Health Care

GOP Health Care Plan: Even Worse Than You Are Hearing
November 05, 2009

From the moment the the Republican leadership released its alternative approach to health care reform, critics (including me) pointed out that it was unlikely to make a dent in the number of people without insurance. On Wednesday, the Congressional Budget Office came out with its preliminary estimates of what the bill will do. And, sure enough, the critics were right. Overall, ten years into implementation, the plan would not significantly change the number of people with health insurance.

Cruise Control
November 05, 2009

When conservatives scream about socialized medicine and death panels, you should tune them out. But lately conservatives have been making an argument you should hear. It's about whether we can believe Congress when it promises to raise taxes or cut spending--and, as such, whether we can believe that health care reform can actually be fiscally responsible. As you may know, many promoters of health care reform say that the proposals in Congress will pay for themselves and, over the long run, actually reduce what we spend, as taxpayers and as a society.

Get This Guy a Committee Assignment
November 04, 2009

Most of you know John Garamendi (if you know him at all) as the former California state official who won a special election for Ellen Tauscher's old seat in Congress. But those of us in the business of health wonkery know him as one of our own. In the early 1990s, he developed the "Garamendi plan" for California, which later became a model for the Clinton health care plan of 1993-94.

On the Job
November 04, 2009

Anthony Wright is executive director of Health Access California, the statewide health care consumer advocacy coalition. He blogs daily at the Health Access Weblog and is a regular contributor to the Treatment. When Senate Majority Leader Reid held a press conference announcing the inclusion of a version of a public health insurance option in the merged Senate health reform bill, he didn’t mention the outcome of another major difference between the two Senate committee proposals--what would be responsibility of employers with regard to on-the-job coverage.

Please Don't Dive Into this Pool
November 03, 2009

Harold Pollack is a professor at the University of Chicago School of Social Service Administration and Special Correspondent for The Treatment. At the 11:57th hour, Republicans are set to announce their own health plan, as Jonathan notes below. According to the Wall Street Journal Mr. Boehner said the Republican bill would also propose grants for states that use "innovative" solutions to expand coverage.

Beware this Republican Narrative
November 03, 2009

With the House set to vote on a full health care reform bill as early as this week, Republican leader John Boehner has announced that the GOP leadership will introduce a formal alternative of their own. The proper response, I suppose, is "Are you kidding?" By my count, it's been more than eight months since President Obama announced that health reform would be his top domestic priority, signalling that it would be the dominant issue of 2009. Republican leaders had countless opportunities to step forward with a proposal to hold up against the Democratic approach.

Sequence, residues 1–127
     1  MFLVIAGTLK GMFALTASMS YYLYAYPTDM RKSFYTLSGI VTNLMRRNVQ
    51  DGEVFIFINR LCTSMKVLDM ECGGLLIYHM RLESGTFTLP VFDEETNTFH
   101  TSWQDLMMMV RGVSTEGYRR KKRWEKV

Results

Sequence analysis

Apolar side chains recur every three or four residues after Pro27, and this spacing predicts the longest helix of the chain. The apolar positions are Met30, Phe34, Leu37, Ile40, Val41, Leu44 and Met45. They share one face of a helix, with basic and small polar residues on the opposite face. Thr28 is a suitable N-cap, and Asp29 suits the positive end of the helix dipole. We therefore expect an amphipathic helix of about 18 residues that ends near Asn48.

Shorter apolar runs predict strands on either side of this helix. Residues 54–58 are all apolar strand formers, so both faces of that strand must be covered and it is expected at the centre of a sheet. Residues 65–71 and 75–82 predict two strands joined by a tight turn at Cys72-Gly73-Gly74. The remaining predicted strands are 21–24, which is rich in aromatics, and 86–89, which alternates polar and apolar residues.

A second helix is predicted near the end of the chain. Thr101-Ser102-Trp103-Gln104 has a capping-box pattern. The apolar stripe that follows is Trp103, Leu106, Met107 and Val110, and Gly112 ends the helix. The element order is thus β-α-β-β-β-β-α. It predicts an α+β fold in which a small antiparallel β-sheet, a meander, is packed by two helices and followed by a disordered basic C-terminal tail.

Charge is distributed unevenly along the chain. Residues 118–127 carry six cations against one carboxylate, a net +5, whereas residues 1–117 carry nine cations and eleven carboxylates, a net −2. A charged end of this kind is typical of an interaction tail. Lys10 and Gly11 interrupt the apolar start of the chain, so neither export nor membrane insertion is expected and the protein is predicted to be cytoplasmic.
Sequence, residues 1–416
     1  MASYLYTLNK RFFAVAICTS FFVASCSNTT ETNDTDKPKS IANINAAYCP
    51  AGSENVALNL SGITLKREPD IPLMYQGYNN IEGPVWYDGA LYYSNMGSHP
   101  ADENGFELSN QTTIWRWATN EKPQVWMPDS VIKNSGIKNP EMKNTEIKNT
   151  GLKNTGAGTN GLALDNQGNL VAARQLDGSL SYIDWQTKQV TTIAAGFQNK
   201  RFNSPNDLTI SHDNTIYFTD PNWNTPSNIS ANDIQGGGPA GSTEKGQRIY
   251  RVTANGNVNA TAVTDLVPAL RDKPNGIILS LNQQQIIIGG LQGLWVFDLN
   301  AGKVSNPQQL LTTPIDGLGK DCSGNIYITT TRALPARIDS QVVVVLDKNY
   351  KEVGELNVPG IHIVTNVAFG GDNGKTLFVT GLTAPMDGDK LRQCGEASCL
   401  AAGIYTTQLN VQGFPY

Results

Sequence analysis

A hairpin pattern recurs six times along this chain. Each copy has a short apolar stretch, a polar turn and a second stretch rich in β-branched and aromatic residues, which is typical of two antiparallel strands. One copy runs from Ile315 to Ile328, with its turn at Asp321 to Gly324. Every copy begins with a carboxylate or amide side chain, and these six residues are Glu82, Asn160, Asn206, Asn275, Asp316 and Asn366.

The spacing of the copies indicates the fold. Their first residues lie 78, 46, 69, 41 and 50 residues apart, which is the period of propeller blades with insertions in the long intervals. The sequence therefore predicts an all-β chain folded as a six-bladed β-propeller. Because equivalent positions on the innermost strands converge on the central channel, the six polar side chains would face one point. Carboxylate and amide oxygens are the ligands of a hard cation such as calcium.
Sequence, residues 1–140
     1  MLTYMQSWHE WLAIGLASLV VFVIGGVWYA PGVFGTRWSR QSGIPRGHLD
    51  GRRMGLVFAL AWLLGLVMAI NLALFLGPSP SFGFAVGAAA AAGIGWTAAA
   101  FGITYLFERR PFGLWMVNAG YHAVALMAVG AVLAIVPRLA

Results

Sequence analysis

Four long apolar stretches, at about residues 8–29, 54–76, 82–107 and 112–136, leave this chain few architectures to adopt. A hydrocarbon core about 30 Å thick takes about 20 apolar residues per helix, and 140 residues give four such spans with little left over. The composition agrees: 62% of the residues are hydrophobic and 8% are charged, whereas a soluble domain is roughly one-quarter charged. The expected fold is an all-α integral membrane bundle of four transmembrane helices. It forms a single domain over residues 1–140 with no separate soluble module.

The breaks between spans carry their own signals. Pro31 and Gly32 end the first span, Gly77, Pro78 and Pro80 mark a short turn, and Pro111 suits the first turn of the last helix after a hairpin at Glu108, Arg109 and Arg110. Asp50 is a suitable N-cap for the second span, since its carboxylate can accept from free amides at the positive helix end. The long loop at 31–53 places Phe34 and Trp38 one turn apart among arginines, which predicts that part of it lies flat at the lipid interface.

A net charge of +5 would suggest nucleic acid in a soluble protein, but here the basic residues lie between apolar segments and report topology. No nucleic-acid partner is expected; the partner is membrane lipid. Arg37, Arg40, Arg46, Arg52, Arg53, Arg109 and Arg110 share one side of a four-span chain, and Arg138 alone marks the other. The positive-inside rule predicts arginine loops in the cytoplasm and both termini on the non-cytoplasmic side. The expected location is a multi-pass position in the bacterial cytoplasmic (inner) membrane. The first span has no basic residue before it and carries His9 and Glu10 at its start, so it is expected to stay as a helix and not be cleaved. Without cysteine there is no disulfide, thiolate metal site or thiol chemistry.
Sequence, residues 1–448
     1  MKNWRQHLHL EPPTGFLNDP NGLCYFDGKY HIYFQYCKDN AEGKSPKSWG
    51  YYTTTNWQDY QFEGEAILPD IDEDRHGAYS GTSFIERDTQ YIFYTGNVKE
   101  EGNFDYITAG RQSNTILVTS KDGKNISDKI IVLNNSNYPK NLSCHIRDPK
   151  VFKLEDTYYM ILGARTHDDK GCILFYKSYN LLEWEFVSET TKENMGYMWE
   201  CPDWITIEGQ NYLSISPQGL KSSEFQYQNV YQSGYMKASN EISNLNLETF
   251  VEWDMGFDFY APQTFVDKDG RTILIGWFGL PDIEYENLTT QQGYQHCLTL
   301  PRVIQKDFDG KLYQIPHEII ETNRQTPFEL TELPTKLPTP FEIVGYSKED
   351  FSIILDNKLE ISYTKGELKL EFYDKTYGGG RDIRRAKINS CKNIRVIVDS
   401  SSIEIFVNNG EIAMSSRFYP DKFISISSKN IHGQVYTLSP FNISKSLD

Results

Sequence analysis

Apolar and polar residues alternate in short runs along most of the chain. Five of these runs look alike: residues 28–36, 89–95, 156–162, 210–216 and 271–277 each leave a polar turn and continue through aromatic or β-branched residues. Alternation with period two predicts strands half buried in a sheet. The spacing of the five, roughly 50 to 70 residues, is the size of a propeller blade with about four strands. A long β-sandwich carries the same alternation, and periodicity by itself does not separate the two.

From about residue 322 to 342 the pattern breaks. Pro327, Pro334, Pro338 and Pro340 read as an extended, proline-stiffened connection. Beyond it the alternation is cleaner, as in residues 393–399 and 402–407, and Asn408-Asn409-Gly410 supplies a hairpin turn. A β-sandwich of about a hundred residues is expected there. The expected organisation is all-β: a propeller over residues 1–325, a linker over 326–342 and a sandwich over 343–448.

Boehner: "Not Inclined" to Tell the Truth
November 02, 2009

House Minority Leader John Boehner recently released a memo arguing, among other things, that the House Democrats' health care bill would result in "massive cuts to Medicare benefits for seniors" and "a negative impact on seniors' benefits and choices." It's nothing the Republicans haven't said before. But this time, to justify the claim, Boehner said he was relying in part on a finding finding from Factcheck.org.

Daily Treatment, Man Bites Dog Edition
November 02, 2009

More competition among insurers isn't always a good thing. (Austin Frakt, Incidental Economist) Dealing with Medicare is usually easier (or at least less difficult) than dealing with private insurers. (Joe Paduda, Managed Care Matters) The public option won't make a huge difference. (Eric Pianin, Mary Agnes Carey, Julie Appleby, Kaiser Health News and Janet Adamy, Wall Street Journal) Obama's health care strategy: Brilliant! (Robert Pear and Sheryl Gay Stolberg, New York Times) Why we should eat dogs. And not the kind you get at the ballpark. (Jonathan Safran Foer, Wall Street Journal) 

Will the Dems Back Away from the Public Option?
November 02, 2009

For the moment, at least, House liberals still aren't backing away from their push to strengthen the public option in the reform bill. Raul Grijalva, co-chair of the Congressional Progressive Caucus, sent a letter to Pelosi on Friday that demanded an up-or-down vote on the Medicare-plus-5 rates--the strong public option that was passed up in favor of negotiated provider rates. The next best thing? Setting another pre-determined price "ceiling" for the weaker plan's negotiated rates, which Grijalva proposes in a separate amendment.

Why American Health Care Is So Expensive
November 02, 2009

Ezra Klein, channeling Kaiser Permanente CEO George Halvorson: There is a simple explanation for why American health care costs so much more than health care in any other country: because we pay so much more for each unit of care.

Pages